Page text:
As a long-time sponsor of Alpha Chi at Gardner-Webb University and as Past President of Region III, I would like to pay tribute to Dr. Pryor whom I consider Mr. Alpha Chi. He is truly one of the outstanding supporters of scholarship and leadership in the United States. His passing is a loss to everyone who treasures education and learning.
When I think of Dr. Pryor I am always reminded of his phenomenal memory: when I had only been a sponsor for a short while, he still knew who I was and my college and even chided me for not putting “Dr.” before my name when I would send in official correspondence. I well remember the legal-sized, single-spaced memos that he would send giving chapter sponsors necessary information. He always impressed me as a gentleman-scholar, a wonderful ambassador for Alpha Chi.
I began my career with Alpha Chi right after Dr. Pryor retired. As a young employee I was trained to do things as “Dr. Joe” would have done them and to take pride in the way our materials and publications represented Alpha Chi. To this day, a good rule of thumb in any task is to ask myself if he would have approved. Through my work with Alpha Chi’s National Council and chapter sponsors, I witnessed the influence this intelligent, intentional, and considerate man had on so many lives across the globe.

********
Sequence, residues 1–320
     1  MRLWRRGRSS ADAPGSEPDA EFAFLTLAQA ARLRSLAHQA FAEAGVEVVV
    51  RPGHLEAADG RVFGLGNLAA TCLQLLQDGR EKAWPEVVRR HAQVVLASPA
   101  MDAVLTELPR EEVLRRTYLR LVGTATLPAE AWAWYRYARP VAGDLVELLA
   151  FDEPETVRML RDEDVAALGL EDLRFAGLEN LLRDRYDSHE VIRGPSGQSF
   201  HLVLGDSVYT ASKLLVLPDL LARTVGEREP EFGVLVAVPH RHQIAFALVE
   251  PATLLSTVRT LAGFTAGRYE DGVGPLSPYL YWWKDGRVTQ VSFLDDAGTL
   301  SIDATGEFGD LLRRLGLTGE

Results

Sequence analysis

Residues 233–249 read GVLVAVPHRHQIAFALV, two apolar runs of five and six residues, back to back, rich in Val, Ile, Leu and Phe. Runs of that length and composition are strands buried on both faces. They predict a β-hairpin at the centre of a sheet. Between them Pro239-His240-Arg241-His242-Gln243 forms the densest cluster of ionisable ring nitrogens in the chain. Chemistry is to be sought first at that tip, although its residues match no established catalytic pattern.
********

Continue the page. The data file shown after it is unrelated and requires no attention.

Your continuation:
Dr. Joe Pryor was a beloved teacher, mentor, academic colleague, and dear friend for fifty-four years. I respected him for his scholarship, his gentle and gracious spirit, and his dedication to service–especially to students. I was honored to work with him on a number of major projects at Harding during the 1960s, and I enjoyed my work with him during the next two decades in the Alpha Chi Honor Society. I wore my Alpha Chi pin to church last Sunday as a special tribute to him. I loved that man! I love his wife, Bessie Mae, and I pray for her in her loss.